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Biol 354 Midterm Notes

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University of Waterloo
BIOL 354
Gerald Tetreault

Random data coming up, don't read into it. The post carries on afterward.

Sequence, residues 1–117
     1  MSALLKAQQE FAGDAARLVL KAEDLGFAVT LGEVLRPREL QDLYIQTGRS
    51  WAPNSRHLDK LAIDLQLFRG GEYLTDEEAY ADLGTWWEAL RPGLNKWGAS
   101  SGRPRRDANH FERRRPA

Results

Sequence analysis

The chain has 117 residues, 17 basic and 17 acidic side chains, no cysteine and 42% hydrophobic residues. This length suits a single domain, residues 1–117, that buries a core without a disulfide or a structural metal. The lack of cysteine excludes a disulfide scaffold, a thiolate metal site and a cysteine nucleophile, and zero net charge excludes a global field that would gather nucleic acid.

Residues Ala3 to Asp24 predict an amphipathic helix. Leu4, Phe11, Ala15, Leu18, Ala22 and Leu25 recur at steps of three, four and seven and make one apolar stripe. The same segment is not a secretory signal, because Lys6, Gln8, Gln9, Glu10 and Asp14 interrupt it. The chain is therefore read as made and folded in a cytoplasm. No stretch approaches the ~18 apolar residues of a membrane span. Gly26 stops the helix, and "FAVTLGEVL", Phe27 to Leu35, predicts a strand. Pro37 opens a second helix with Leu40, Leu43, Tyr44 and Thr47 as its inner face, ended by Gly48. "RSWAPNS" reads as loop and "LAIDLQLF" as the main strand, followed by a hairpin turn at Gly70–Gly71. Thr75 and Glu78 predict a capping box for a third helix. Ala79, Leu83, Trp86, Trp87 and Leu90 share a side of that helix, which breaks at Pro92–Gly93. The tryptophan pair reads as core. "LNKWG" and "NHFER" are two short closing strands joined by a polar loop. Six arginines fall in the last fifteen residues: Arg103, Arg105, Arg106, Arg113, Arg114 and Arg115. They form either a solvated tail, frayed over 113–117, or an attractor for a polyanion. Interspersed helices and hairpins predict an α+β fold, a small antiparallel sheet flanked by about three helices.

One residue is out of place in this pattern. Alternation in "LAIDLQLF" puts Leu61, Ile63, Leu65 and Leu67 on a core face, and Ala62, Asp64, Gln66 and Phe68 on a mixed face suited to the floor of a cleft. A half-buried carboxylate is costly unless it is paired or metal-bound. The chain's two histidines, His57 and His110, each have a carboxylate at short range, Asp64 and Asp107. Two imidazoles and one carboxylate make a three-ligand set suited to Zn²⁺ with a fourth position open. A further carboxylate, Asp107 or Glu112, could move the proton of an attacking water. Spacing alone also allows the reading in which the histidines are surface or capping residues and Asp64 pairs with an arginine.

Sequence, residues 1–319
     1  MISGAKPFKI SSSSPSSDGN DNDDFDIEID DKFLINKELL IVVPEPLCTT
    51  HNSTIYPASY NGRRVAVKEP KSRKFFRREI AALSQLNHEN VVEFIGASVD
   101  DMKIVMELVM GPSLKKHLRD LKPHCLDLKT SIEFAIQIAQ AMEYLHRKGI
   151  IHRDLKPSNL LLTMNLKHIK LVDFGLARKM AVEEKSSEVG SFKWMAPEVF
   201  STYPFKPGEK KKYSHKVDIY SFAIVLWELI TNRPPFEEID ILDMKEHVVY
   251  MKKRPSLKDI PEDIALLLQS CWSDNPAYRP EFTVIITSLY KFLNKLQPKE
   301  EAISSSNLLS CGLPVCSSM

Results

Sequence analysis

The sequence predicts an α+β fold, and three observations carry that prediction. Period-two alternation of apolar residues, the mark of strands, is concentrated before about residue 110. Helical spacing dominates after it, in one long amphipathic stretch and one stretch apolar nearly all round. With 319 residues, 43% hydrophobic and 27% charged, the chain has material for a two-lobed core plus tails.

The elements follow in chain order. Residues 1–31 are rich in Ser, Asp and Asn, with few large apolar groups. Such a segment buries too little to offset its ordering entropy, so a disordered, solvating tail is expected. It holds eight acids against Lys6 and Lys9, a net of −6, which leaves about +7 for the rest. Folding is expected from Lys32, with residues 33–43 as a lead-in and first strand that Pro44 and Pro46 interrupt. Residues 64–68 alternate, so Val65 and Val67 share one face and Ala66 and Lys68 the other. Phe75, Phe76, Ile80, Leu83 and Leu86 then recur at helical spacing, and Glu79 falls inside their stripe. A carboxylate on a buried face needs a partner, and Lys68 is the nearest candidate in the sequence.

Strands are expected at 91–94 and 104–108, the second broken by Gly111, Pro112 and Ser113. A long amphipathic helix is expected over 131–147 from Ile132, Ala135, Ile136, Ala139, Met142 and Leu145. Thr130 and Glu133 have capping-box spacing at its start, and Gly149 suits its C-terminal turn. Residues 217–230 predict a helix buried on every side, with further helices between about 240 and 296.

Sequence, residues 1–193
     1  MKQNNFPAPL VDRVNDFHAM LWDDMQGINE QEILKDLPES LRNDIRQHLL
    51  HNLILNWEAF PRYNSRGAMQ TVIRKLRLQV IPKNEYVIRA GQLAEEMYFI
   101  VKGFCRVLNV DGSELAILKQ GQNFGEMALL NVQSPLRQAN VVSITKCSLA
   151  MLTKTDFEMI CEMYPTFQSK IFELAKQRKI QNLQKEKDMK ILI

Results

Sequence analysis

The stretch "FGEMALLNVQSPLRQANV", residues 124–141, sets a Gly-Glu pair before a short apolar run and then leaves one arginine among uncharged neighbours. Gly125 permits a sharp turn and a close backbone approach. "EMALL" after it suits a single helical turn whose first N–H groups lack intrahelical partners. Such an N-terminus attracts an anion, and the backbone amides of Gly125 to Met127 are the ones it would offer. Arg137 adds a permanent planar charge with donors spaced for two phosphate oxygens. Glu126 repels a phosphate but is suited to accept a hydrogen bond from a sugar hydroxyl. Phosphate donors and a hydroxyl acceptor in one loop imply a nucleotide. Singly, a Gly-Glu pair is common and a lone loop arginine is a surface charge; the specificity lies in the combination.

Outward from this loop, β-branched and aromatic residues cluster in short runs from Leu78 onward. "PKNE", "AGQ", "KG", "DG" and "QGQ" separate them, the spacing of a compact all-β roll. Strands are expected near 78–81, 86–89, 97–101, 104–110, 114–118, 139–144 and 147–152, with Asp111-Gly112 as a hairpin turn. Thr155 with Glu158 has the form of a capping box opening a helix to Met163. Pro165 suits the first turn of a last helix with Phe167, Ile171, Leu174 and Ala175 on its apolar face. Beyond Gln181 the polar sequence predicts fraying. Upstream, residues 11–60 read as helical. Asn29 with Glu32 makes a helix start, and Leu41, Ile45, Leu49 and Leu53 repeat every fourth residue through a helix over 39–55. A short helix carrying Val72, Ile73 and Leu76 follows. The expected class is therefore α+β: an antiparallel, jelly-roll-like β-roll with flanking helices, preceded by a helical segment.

Lecture 1 Toxicology: study of harmful effects incurred by living organisms from exposure to substances which are foreign to them Xenobiotic: any substance which is foreign to an organism they can be useful or toxic Anthropogenic: caused/produced by humans; describes origin of a compound which would otherwise not occur normally Toxicant: poisonous agent, produces biological effects ex. PCBs, PAHs, metals Toxin: type of toxicant in which its produced by a living organism ex. snake venom, mycotoxin, tetrodotoxin (sodium channel blocker which paralyzes the muscles while the victim remains fully conscious and dies from asphyxiation) Paracelsus -> the dose makes the poison Ecotoxicology: study of the impacts of pollutants upon the structure and function of living organisms and ecological systems -one must first be exposed to a toxicant for there to be any effect 1. release into environment 2. exposure to target organism 3. taken up by target organism 4. response in target organism Inorganic = metals, ammonia Organic = dioxins, furans, PAHs Chimney Sweep -> scrotal cancer from PAHs formed from incomplete combustion demonstrated by Percival Pott Mad Hatters -> Hg to cure beaver pelts, mercury vapour is fat soluble and accumulates in the nerve lining; it blocks the degradation of catecholamines such as epinephrine -> causes sweating, excited state -pollutants are not necessarily toxicants Lecture 2 – Contaminants from Source to Receptor to Impact Fate of contaminants – origins, concentrations, partitioning and persistence of contaminants Effect of contaminants – evaluate biotic and abiotic consequences Rachel Carson -> environmental revolution, evidence of harmful effects of chemicals on human and wildlife SSRI= selective serotonin uptake inhibitor -> largely reduced male fish (Japanese Medaka) approaches, circling, copulation even though it slightly increased egg production (fluoxetine in muscle and adipose tissue) 1. Generation of a contaminant 2. Release to environment 3. Transport to a biotic receptor 4. Exposure at sufficient concentration and duration to produce a 5. Biological response Direct – point source discharge ex. industrial, sewage discharge Indirect – indirect point source discharge ex. agricultural or urban runoff, car exhaust Exposure Routes 1. Oral – administration by mouth or diet -unit expressed as a relative weight to the organism; 1mg/L = 1 ppm=1mg/kg 1ug/L=1ug/kg=1ppb 2. Injection – dose administered intravenous, subcutaneous or intra-peritoneal 3. Topical – applied to skin 4. Respiratory – inhalation from lungs or gill uptake (unit expressed as a relative weight to volume of air or water) Measuring Toxicity Bioassay – determines the effects of a toxicant on organisms Test organisms – rainbow trout, water flea, fathead minnow, earthworms (soil) or plants -requires sufficient exposure time to allow a response to occur from a range of doses and the dose must be enough to develop a response within a given exposure time period Classification of Toxic Reponses 1. Lethal – death 2. Sub-lethal – molecular, biochemical, individual species or community levels a. Individual i. biochemical -> enzyme inhibition (ex. acetylcholinesterase inhibition by organophosphates) ii. Hormonal -> changes in cortisol levels iii. Physiological -> changes in somatic growth or reproduction b. Species -> change in population structure c. Community -> change in species abundance and diversity Timing of Response -depends on experimental conditions, test organism, dose/concentrations 1. Acute – severe stimulus (high potency/concentration of toxicant) to quickly bring about a response -short term; seen within 96 hours -common endpoint in routine lethal toxicity testing (calculation of 96Hr LC50) 2. Sub Acute – less severe stimulus than acute, response takes longer and may become chronic (less than 10% of organism’s life) 3. Chronic – slowly brings about a response, long-term test of at least 10% of organism’s life span 4. Cumulative – response to repeated exposure to a contaminant often from human occupations (farming) -similar to chronic, but doesn’t have to occur over at least 10% of organism’s life -exposure levels may or may not fluctuate over time -if acting on a common biological pathway (additive), multiple chemicals could produce a cumulative response such as several pesticides that have a similar mechanism of action 5. Delayed – response does not occur until well after exposure Ex. Diethylstilbestrol (DES) in daughters may develop vaginal cancer in adulthood -> 100x greater risk developing vaginal cancer, used as morning after pill, was used in chicken feed, 125mg=700 BC pills, blocks the uptake of testosterone in cancer cells, -triclosan = dangerous anti-bacteria in soap (affects fish swimming ability, muscle strength, disrupts hormone balance, increase infertility) The next generation’s sufferings from exposure to toxicants… -increased birth defects -reduced fertility -reduced sperm counts -earlier puberty onset in girls Bioassay Results 1. Keep time constant and vary dose or concentration a. LC50 = lethal concentration for 50% of organisms b. LD50 = lethal dose for 50% of organisms 2. Keep dose or concentration constant and vary time a. LT50 = lethal time for 50% of organisms Other endpoints: enzyme induction, inhibition of growth/metabolism of enzyme, EC50 or ED50 (effect dose or concentration) -want to keep all conditions constant other than the toxicant concentration or time 1. Biotic – species, sex, age, size, nutrition 2. Abiotic – exposure route, partitioning, hardness, pH, oxygen, temperature, light Lecture 3 – Sources & Fate of Contaminants Pollutant Sources 1. Accidental spills – nuclear accidents, oil spills, fires, train crashes 2. Intentional spills – deliberate or routine and from either direct or indirect sources -salt, fertilizers, pesticides -urban storm water/runoff -atmospheric entry of aerosols/CFCs (chlorofluorocarbon) -combustion/incineration – PAH and PCB formation -landfill contaminants leak into soil and groundwater -septic tank leaks Sewage Treatment Plants -sewage has decomposable organic matter, microbes, nutrients, pharmaceuticals, etc. -discharge large volumes of imperfectly treated waste, often with high ammonia concentrations 1. Primary treatment -> removal of solids through a settling process, wastewater pumped to detention ponds 2. Secondary treatment -> redox reactions with BOD, COD (chemical oxygen demand) and bacteria via activated sludge or biological filters 3. Tertiary -> chemical removal of specific components – nitrification (NH3 -> NO2 -> NO3), sand filtration, chlorination then de-chlorination with sodium bisulphite (NaHSO3) Problems with STPs -toxins/toxicants can kill bacteria in the sludge during secondary treatment -residual solids must be disposed of in landfills, farmland or incinerated -sludge can contain lipophilic contaminants and metals -effluent may contain toxins, toxicants and other biologically active compounds which plants are not designed to remove -in many areas, stormwater is not fully separated from sewage -> downstream there can be raw sewage in drinking water source Important Physical and Chemical Properties Help predict the fate in the absence of other information -water solubility -pKa, Ka -octanol-water partition coefficient -sediment-water partition coefficient -vapour pressure, Henry’s Law (Kh function of temperature, solublity) -bioconcentration Temperature fluctuates the most in the environment, but pressure is also important Equilibrium Partitioning 0 law of thermal equilibrium -> no net heat flow in either direction, temperatures are equal 1 law thermodynamics – conservation of energy, it is not created or destroyed nd 2 law thermodynamics – systems seek to minimize their free energy Example. At equilibrium partition coefficient C1/C2 = Cair/Cwater = K ->awatio of the concentration of benzene in air and water Note that K is temperature-dependent. Ka = [A-][H+]/[HA] pKa=-log(Ka) (charge(pH-pKa)) weak acid/base: % ionized = 100/(1 +10 ) where charge =1 for bases and -1 for acids vapour pressure = solubility in air Cairmol/volume = n/V Looking at the ideal gas law: PV=nRT At equilibrium C air/V = P/RT Henry’s Law Constant H=p/C =(partial pressure in air)/(conc. in water) w Contaminants with low water solubility: H=P/S = vwpour pressure/water solubility -water solubulity (Sw)= max amount of substance that can dissolve in water at a given temperature or pH -solubility of a gas in a liquid is proportional to the pressure of that gas above the liquid for a given temperature H=K aw /Cair water H’=(P/RT)/C water P/RTC water/S wT KawH/RT Therefore, K aw dependent on vapour pressure as well as water solubility and temperature. Kow is the measure of hydrophobicity; diffusion from high chemical potential (µ) to low K =C /C at equilibrium ow octanolwater Determining K ow -equal volume of distilled water and octanol, add known volume of chemical and mix well Kow = concentration of chemical in octanol/Concentration of chemical in water High K ow= lipophilic/hydrophobic and low mobility Low K = lipophobic/hydrophilic ow -when pH < pKa, the compound is primarily neutral (more likely to be in octanol) and the apparent K ow decreases at high pH because the compound turns into its ionized form and is more water soluble -can graph contaminants on a polarity (lipophilic to hydrophilic) vs volatility chart Kp= water partition coefficient = Csoil water (mg/Kg)/(mg/L) = L/kg -can multiple by soil density of 2.5kg/L to become dimensionless -organic chemicals partition into the organic component of soils, sediments, etc. -Kp can be related to the organic carbon partition coefficient by knowing the fraction of organic carbon K = fK where f=0.02-0.05 most often p oc Fugacity models -> can incorporate the bioconcentration and bioaccumulation of chemicals in biota, require info. on diet and lipid content -generally, partition coefficients between fish and water are similar to K ,owish are about 5% lipid by volume and octanol is used as a lipid surrogate -contaminants partition in the environment based on: chemical properties and properties of the environment Long-Range Transport -contaminants can travel far from their origins via air and water -stratosphere suffering from ozone depletion due to CFCs -arctic -> contamination of wildlife and people Lecture 4 – Inorganic Pollutants -oldest water found is 2.6 billion years old! Inorganic pollutants include: metals, metalloids (As), non-metallic inorganic (ammonia), inorganic gases (CO 2 -when defining inorganic vs organic compounds, organic compounds have at least one C-H bond -metals can be required by the organism, toxic or both depending on the metal and its concentration 3 -heavy metals are defined as having a density greater than iron (7.874 g/cm ) -metalloids have some properties of both metals and non-metals (Se, As, B, Si, Ge, Sb, Te, Po) Common Metals & Metalloids of Concern -aluminum (Al), arsenic (As), antimony (Sb) -Barium (Ba), Beryllium (Be), Boron (B) -Copper (Cu), Cadmium (Cd), Chromium (Cr), Cobalt (Co) -Iron (Fe), Lead (Pb), Manganese (Mn), Molybdenum (Mo) -Mercury (Hg), Nickel (Ni), Strontium (Sr) -Selenium (Se), Silver (Ag), Tin (Sn), Thallium, (Tl), Vanadium (V), Zinc (Zn) Aluminum Under low pH it becomes Al which kills aquatic species Arsenic Used in a variety of things such as preservatives, gold mining -> carcinogenic and highly toxic, metalloid, found in agriculture, lumber processing Cadmium Tanning process, Cr is carcinogenic, heavy metal, may be found in processed sludge from anthropogenic waste, lumber processing Copper Control algal growth, easily binds to dissolved organics in solution (reducing bioavailability), toxic at high concentrations, tanning process, lumber processing Lead Used for batteries, causes anemi2+and neurological dysfunction with chronic exposure, present in natural waters at Pb , heavy metal Mercury Methylation by sulfate-reducing microorganisms (in both aerobic and anaerobic sediments) increases bioavailability, heavy metal, found in agriculture, fluorescent bulbs, thermometers, dental fillings Nickel At high concentrations it is both toxic and carcinogenic Selenium By-product of mining, volcanism, modification by microorganisms makes them less toxic than in their pure form, metalloid Zinc Protective coatings and prevents corrosion, less toxic than most metals Inorganic NOx, SO 2eact in atmosphere to produce low pH precipitation or acid rain gases Nutrients Nitrate can cause methemoglobinemia (reacts with hemoglobin, cannot carry oxygen); ammonia toxicity is dependent on pH Excess nutrients -> eutrophication -> algal bloom -> oxygen depletion -> fish kills PAHs Has 2+ aromatic rings Includes naphthalene, Benzo[a]pyrene, pyrene ; forms from the incomplete combustion of organic matter, metabolized by vertebrates with CYP but accumulates in invertebrates -metals such as copper, iron and zinc are often required 3+ 2+ 2+ -some metals act as enzyme cofactors, such as: Fe (hemoglobin), Mg (chlorophyll), Cu (mitochondria) -Na+ and K+ used for osmoregulation and membrane potential, Ca2+ for muscle contraction -classification of metals based on preferential binding to certain ligands Class A Metals -complex with O>N>S -oxygen seeking ex. Ca2+, Na+, Mg2+, Pb -associate with carboxyls (-COOH), carbonyls (-C=O), alcohols (-OH) and phosphates (H PO o2 P4 ) 4- -target phospholipids in cell membranes and nucleic acids (DNA/RNA), ATP and ADP Class B Metals -complex with S>N>>O -sulfur/nitrogen seeking ex. Cu2+, Cd2+, Hg2+ -associate with sulfhydryl (-SH), disulfides (-S-S), thioethers (-S-R) and amine (-NH2) -target amino acids, proteins and free nucleotides Example. Yellowknife’s Giant Mine -> $1 billion to remediate arsenic-loaded contamination -gold mine from 1940s to 2004, over 200,000 tonnes Arsenic trioxide (water soluble dust product) released over the years -to release the gold it had to be roasted at very high temperatures and released As-gas as a by-product -no known way to remove AsO from3environment; can freeze it with CO (carbon monoxide) to prevent seepage -AsO 3an cause kidney and liver failure, cancer; a lethal dose is only 120mg Sources of Metal Pollution -natural leaching -lead-acid batteries, bullets, weights, lead and tin-based paints, toys, boats -metals increase in abundance due to human activity, metal mining and weathering of metal-bearing rock; can be found in soil, sediment, surface water -agriculture may contain Hg or As, as well as volcanic sources Neurotoxin: rapidly absorbed into bloodstream and accumulates in soft tissues and bones; affects central nervous system, cardiovascular system, kidneys, immune system, reduced cognitive capacity -lumber -> pressure treated wood may contain Cr, Cu and As -tannery -> leather processing uses Cu2+ and Cd2+ Metal Toxicity -bind to molecules in organisms and alter their function ex. bind to enzyme, blocking active site -interferes with the uptake of essential metals -generation of reactive oxygen species; can oxidize the lipid bilayer leading to decreased membrane fluidity or damage DNA Organometals -more likely to enter organisms 1. tributyl tin (TBT) -> antifouling compound -used in water environments -paints contain TBT -prevents build-up of material on bottom of boats 2. Tetraethyl lead -> used in gasoline -most of Pb in city dust from this -organometallic compounds show enhanced toxicity and bioconcentration over the ionic forms 3. Methyl mercury -> from biomethylation -ability to bioaccumulate -Hg has no biological function -methylation occurs at the bottom of lakes; often hydrodams increase methylation (anoxic zones) -SO 2-reducing bacteria transform inorganic Hg into methyl mercury which is lipophilic 4 -neurotoxin Ammonia + -ammonia NH (un3onized), ammonium NH (ionized) 4 -most tests look at total ammonia -common cause of fish kills, burn of plants Sources: landfills, fish farms, refrigerants, pulp and paper mill, STPs, farms -toxicity mostly from NH 3 -% NH i3crease with increase in temperature and pH (over pH 7.4 mostly ammonia) 1. free diffusion – determined by pressure gradient (NH ) 3 2. active transport - of NH into water in exchange for Na + 4 3. ammonium (NH ) ca4not diffuse through membrane -ammonia toxicity causes neural damage, disturbance of electrochemical gradients, enzymatic reactions, intracellular pH changes Other inorganics: Chlorine (highly toxic and reactive), cyanide (produced in gold mining and metals processing; affects oxidative phosphorylation used to produce ATP in mitochondria) Lecture 5 – Organic Pollutants -generally low persistence except for persistent organic pollutants (POPs), persistent bioaccumulative and toxic (PBTs) -many modes of action, compounds being invented and mass produced Includes… -petroleum hydrocarbons -polycyclic aromatic hydrocarbons (PAHs) ex. benzo[a]pyrene BaP -polychlorinated biphenyls (PCBs) -dioxins and furans ex. TCDD -volatile organic compounds (VOCs) -chlorinated/brominated compounds -pesticides -pharmaceuticals (not regulated with environmental health in mind) Petroleum Hydrocarbons -crude oil (unrefined) - made up of numerous aromatic (ring structure) and aliphatic (non-ring) compounds between C5 to C34 -highly lipophilic -abundant in environment due to human activity -low MW compounds are volatile but more toxic (can enter membranes more easily) -high MW compounds absorb onto sediments/soils and have reduced bioavailability but are persistent and eventually weather over time PAHs (polycyclic aromatic hydrocarbons) -consist of 2 or more aromatic rings ex. naphthalene -natural sources from volcanoes, forest fires but in low levels (products of combustion) -anthropogenic sources include fossil fuels, smoke stacks, automobile exhaust, tobacco, metal refining -16 major PAHs, but there are over 50 -low water solubility, lipophilic (absorbed and stored in lipids) -low volatility for large PAHs -rapidly partitions in sediments -metabolized and excreted rapidly by higher vertebrates (relatively unreactive) -main environmental sinks in soils and sediments which alters bioavailability (less available) PCBs (polychlorinated biphenyls) -stable, inflammable, non-conducting, water insoluble, chemically inert -use has been reduced, but are very persistent and hydrophobic -209 isomers (congeners) -no natural formation, all anthropogenic -chronic effects, interferes with endocrine system of vertebrates Dioxins and Furans -chlorinated organics -low water solubility, highly lipophilic, bioaccumulate -byproduct of chlorination and bleaching processes -polychlorinated dibenzodioxins (PCDPs) = dioxins -polychlorinated dibenzofurans (PCDFs) = furans -72 different isomers -persistent & hydrophobic -not readily metabolized and excreted due to high chlorination, making it have a high bioconcentration -specific isomers are very toxic to mammals ex. 2,3,7,8-TCDD as they can interfere with the endocrine system and it is a contact carcinogen Sources include: pulp and paper mills (chlorine bleach), metal refineries, manufacturing of PCBs, pentachlorophenol, pesticides ex. 2,4-D and 2,4,5-T Toxic Equivalent (TEQ) = ∑C * TEF (max 1) -> measures the toxicity of dioxins and furans relative to the n n most toxic form: 2,3,7,8-TCDD -fish tend to have lower gonad sizes, liver had increased function (higher TEQ) Lecture 6 Case Study: Pulp and paper mill – wood composed of cellulose, hemicellulose, lignin, wood extractives -lignin is removed and cellulose used to make pulp -the Kraft process removes the greatest amount of lignin using bleaching which requires Cl and ClO 2 -effluent doesn’t mix well with water making fish exposed to high levels -some dioxins partition into the sediment where they may affect life after the mill is gone Ex. White sucker fish -> Great Lakes, benthivores, small niche, live up to 20 years, lots of historical data Experiment -> determine if TEQs remain elevated above reference levels in white sucker following process changes in pulp mill in Terrace Bay, ON -> Mountain Bay as a reference and Moberal Bay is exposed -> obtain sediment cores to view dioxins partitioned Pesticides -biological/chemical agent that kills unwanted pests -want it to kill quickly, be effective, break down into non-toxic products, cheap manufacture -closest is glyphosate (Round Up) Include: herbicides, insecticides, fungicides, rodenticides -warfarin kills rodents,